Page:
Type in the name of an ongoing wildfire into Google search, and the site will now bring up a map featuring a near-real-time boundary of the fire. Google revealed the feature today, which was piloted in California last year and will now be available across the US.
Google Maps will also update users with road closures and provide them with directions that help them avoid danger and roadblocks. If someone is looking at an area near a blaze on Google Maps, they’ll get an alert.
Getting accurate information to people near a wildfire can save lives. It’s also a constant challenge for emergency responders because the situation can change rapidly, while hearsay online can quickly drown out reputable sources. Google developed the new mapping feature with input from the California Governor’s Office of Emergency Services (Cal OES) as part of an effort to make important updates easier to find.
When people searched for information on wildfires on Google in the past, they ran into one of two problems, Ruha Devanesan, crisis response product partnerships lead at Google, said on an August 19th press call. There was either not enough information or too much to reasonably sort through. In the latter case, speculation and unvetted sources might lead people into danger instead of safety.
The problem came to the attention of Yossi Matias, vice president of engineering at Google, in 2010 during the Mount Carmel fire near Haifa, Israel. Matias was working in Google’s Haifa office when his team saw billowing smoke outside. A Google search failed to turn up anything more helpful than what they could already assess from their windows. “While we did find some details confirming what we already knew—a large fire was taking place outside of our door—we experienced a potentially life-impacting information gap,” Matias wrote in a blog post announcing the new mapping feature today.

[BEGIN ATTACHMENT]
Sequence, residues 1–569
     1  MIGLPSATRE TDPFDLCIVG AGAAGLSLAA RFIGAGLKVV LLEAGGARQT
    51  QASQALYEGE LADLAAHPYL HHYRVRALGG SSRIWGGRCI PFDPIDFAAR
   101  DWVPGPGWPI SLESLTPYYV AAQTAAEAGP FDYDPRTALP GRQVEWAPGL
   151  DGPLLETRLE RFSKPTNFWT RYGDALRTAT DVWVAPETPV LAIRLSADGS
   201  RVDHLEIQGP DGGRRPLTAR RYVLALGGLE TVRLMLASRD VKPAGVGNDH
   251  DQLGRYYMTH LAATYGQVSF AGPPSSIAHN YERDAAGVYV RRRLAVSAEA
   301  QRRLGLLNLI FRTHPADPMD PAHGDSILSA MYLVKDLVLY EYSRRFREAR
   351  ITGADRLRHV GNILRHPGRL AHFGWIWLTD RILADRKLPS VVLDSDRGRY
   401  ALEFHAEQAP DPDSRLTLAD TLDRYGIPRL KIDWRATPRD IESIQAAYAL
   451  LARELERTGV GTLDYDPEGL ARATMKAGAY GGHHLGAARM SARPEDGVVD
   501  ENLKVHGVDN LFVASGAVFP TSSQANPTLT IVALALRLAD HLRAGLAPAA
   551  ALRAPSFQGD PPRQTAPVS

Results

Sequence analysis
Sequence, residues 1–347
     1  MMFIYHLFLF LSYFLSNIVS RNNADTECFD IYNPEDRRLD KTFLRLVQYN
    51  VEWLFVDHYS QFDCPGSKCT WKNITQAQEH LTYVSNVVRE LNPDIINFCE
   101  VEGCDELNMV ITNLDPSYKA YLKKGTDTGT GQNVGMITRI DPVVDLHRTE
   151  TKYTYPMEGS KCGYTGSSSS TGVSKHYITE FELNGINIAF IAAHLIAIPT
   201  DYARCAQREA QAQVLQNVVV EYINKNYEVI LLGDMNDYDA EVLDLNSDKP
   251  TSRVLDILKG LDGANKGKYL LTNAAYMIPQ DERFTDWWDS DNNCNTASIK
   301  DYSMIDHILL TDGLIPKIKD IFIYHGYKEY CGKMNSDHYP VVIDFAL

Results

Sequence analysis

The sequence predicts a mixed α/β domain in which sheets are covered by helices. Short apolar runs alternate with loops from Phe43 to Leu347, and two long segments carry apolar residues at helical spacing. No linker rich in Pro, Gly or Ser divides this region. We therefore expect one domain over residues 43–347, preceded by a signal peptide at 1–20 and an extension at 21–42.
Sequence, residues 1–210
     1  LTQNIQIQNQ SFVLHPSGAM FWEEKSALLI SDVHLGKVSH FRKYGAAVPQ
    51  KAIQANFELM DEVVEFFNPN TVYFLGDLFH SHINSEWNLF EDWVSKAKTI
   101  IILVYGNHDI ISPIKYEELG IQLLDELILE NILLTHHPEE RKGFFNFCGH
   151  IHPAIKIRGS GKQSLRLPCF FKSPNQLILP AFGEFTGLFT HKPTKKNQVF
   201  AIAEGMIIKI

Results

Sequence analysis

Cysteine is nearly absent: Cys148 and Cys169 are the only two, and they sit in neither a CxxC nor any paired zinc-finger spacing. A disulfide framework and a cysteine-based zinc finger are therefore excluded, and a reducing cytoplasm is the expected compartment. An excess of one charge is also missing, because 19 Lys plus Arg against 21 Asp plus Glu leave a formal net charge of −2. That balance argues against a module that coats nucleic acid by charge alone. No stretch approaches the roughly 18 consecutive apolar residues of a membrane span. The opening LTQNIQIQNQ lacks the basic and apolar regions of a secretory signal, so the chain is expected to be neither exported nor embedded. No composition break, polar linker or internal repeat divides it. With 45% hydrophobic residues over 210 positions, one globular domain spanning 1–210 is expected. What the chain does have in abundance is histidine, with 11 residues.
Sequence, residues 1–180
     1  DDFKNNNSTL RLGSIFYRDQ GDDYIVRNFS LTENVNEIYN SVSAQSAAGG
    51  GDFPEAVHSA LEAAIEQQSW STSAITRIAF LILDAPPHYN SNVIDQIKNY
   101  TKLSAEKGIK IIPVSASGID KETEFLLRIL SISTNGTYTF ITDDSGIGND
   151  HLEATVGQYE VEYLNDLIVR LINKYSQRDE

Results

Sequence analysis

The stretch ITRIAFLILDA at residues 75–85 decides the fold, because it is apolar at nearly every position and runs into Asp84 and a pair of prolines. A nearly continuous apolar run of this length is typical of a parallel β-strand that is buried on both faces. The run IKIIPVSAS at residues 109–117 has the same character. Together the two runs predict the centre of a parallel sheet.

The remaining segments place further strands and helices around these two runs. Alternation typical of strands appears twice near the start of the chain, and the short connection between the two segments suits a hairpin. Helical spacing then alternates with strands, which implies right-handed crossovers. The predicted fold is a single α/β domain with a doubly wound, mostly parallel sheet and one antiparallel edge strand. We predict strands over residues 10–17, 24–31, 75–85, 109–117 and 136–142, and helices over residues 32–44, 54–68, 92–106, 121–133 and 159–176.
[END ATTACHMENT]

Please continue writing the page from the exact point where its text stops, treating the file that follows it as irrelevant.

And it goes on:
Now, the same Google search would result in more curated content. The scare Matias and his team experienced led to the development of Google’s SOS Alerts in 2017. Beneath a red banner labeled “SOS Alert,” the search results offer top stories, followed by official updates for emergency situations. Starting today, searches for wildfires will also include a more detailed map showing the boundaries of an active blaze.
Red dashes on the map outline an area consumed by flames. It’s generated from data provided by the National Oceanic and Atmospheric Administration’s GOES satellites, which is then processed by Google’s geospatial analysis platform, Earth Engine. The result is the shifting, red boundary that’s refreshed about once every hour. One potential hiccup is that users will need to have an internet connection to get the most updated data — not something that is always reliable when fleeing from a wildfire.
Google says it hopes to roll out the feature in other countries in the future. And while its mapping is focused on helping out civilians, Google says it is also exploring how similar features could help emergency responders in California.
California’s fire seasons have grown more devastating as the climate heats up. “We’re all on edge, we don’t know what’s happening, we don’t know what tomorrow is going to bring,” Abby Browning, chief of the Office of Private Sector at Cal OES, said during Google’s press call. At the time, her office was tracking about 360 fires raging across the state. “The best thing to calm anyone’s anxiety, to help anyone, is information,” Browning said.